How Many Times Does Al Qaeda's Number Two Need to Die?
Big victory in the war on terror, folks: A previously unreported air strike in December killed Said al-Shihri, al Qaeda's number two in command. This is third time he's been reported dead.
Big victory in the war on terror, folks: A previously unreported air strike in December killed Said al-Shihri, al Qaeda's number two in command. This is third time he's been reported dead, so he must definitely be dead now, right? That depends on your definition of dead.
Al-Shihri is serious terrorist. Described by some as a "veteran jihadist," he was captured by the United States after fleeing to Afghanistan in the days after September 11, 2001, and spent six years in Guantanamo before being released to Saudi Arabia's "jihadist rehab" program which, in ABC News's words, "attempted to turn terrorists into art students by getting them to get 'negative energy out on paper.'"
Well that didn't work, because not long after finishing the Saudi program, Al-Shihri reappeared on the international terrorist circuit as Al Qaeda's number two leader and was supposedly involved in seizing large tracts of land in Southern Yemen back in 2011. This is after he was reportedly killed in an airstrike on Christmas Eve in 2009. Then, in 2010 Yemen claimed to have captured Al-Shihri only to report a year later in September 2011 that he'd been killed along with six others in a drone strike. The apparently indestructible Saudi jihadist did not die in that strike, according to some DNA tests that were conducted last September. He was however implicated in a drone strike this week that left him in a coma, a coma from which he was unable to recover, according to "family sources."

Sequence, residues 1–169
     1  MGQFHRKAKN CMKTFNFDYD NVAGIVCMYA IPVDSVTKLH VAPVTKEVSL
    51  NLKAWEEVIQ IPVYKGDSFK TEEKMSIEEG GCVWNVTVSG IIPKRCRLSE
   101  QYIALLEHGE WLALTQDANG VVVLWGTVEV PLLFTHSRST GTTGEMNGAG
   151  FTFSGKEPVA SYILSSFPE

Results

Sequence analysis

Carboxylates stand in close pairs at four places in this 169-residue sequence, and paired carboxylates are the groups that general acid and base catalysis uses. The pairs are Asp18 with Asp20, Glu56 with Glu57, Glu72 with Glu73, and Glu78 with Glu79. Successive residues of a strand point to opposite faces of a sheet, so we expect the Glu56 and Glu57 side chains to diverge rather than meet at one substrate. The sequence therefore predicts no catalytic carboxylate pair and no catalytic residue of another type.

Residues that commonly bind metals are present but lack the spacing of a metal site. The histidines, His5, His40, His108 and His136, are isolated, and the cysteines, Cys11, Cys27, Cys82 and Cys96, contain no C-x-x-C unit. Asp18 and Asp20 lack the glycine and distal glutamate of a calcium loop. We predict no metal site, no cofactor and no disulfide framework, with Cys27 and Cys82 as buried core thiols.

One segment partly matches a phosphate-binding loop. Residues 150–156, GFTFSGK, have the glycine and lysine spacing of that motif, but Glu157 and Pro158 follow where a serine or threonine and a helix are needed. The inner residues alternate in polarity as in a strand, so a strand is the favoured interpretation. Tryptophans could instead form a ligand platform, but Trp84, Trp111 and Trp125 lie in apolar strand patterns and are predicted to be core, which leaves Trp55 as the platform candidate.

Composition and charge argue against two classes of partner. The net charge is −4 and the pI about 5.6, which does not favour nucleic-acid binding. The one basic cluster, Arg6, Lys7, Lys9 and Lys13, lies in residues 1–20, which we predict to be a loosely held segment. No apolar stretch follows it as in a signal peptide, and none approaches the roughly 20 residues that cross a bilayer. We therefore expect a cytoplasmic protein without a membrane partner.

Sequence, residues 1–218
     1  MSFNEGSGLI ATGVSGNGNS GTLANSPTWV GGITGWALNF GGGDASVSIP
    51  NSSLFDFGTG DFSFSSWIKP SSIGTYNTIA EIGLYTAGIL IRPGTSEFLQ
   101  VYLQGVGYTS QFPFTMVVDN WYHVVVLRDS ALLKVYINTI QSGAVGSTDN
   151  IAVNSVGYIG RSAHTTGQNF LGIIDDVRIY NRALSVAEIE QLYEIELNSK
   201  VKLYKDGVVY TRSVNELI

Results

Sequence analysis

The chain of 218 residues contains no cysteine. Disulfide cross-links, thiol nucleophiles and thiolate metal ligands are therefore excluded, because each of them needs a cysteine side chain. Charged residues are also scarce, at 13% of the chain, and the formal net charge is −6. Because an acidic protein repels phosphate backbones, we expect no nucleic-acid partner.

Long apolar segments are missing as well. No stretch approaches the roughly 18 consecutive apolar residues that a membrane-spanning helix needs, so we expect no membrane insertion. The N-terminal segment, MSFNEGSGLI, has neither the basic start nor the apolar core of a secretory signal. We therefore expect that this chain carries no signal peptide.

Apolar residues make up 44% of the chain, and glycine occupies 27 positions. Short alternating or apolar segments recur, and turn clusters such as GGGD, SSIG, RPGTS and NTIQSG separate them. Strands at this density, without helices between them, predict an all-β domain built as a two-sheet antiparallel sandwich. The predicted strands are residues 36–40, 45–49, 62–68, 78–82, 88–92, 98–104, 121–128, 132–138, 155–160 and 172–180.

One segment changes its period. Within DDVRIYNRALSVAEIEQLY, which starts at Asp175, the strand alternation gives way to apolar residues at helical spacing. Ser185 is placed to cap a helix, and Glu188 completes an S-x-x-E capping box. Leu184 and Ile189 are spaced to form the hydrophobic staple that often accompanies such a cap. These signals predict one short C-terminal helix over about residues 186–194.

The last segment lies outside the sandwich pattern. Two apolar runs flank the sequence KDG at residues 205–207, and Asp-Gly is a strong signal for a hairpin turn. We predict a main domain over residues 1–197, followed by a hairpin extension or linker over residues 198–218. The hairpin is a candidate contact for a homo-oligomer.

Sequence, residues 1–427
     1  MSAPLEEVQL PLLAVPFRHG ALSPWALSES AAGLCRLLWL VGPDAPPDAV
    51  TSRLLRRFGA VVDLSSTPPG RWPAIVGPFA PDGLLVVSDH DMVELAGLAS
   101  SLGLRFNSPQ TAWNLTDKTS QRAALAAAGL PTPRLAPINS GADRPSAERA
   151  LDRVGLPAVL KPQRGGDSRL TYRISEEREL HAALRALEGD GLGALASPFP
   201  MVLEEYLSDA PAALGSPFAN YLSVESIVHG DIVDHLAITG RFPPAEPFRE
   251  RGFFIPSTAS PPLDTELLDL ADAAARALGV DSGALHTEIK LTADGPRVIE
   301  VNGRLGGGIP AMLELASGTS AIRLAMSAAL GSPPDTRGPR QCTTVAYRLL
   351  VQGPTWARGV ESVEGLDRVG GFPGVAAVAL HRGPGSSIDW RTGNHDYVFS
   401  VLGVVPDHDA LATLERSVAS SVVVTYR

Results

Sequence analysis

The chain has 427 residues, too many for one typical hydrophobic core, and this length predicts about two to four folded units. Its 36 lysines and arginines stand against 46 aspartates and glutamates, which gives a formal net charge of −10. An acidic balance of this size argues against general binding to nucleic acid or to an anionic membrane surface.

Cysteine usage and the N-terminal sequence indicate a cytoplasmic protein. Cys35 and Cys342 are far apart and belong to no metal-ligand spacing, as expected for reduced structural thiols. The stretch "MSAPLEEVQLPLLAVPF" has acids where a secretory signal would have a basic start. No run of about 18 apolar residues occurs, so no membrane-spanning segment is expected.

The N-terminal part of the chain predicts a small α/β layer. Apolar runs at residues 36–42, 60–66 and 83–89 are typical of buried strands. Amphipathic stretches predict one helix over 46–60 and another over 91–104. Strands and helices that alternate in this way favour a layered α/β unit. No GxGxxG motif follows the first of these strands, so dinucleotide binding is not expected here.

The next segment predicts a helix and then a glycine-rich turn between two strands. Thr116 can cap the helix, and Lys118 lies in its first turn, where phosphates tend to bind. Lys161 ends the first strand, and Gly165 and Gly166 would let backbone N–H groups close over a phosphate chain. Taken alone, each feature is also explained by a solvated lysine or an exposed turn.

This is all obviously very confusing and, in a way, it's supposed to be. Drones don't just fire missiles at terrorists who send back "confirmed kill" messages. It's a really messy operation. As we've pointed out here time and time again, we don't even know how many people we've killed -- terrorists, civilians or otherwise -- in our blitz of unmanned aerial attacks over the course of these past few years. So how on Earth could we know if we've managed to finally take out Al Qaeda's second in command? The family confirmation helps this time around, but of course it's possible that some will remain unconvinced, especially since this is not the first but the third time we've allegedly killed this guy.
We don't necessarily need to kill him again. Chances are we'd actually be killing a goat farmer or something in the somewhat likely case that the drone strike earlier this week did the job. What makes more sense is come up with a better system of accountability so that we actually know what actually happens when the missiles from our drones hit the ground. Writing these sorts of rules and guidelines, however, does not seem to be a big priority for the administration.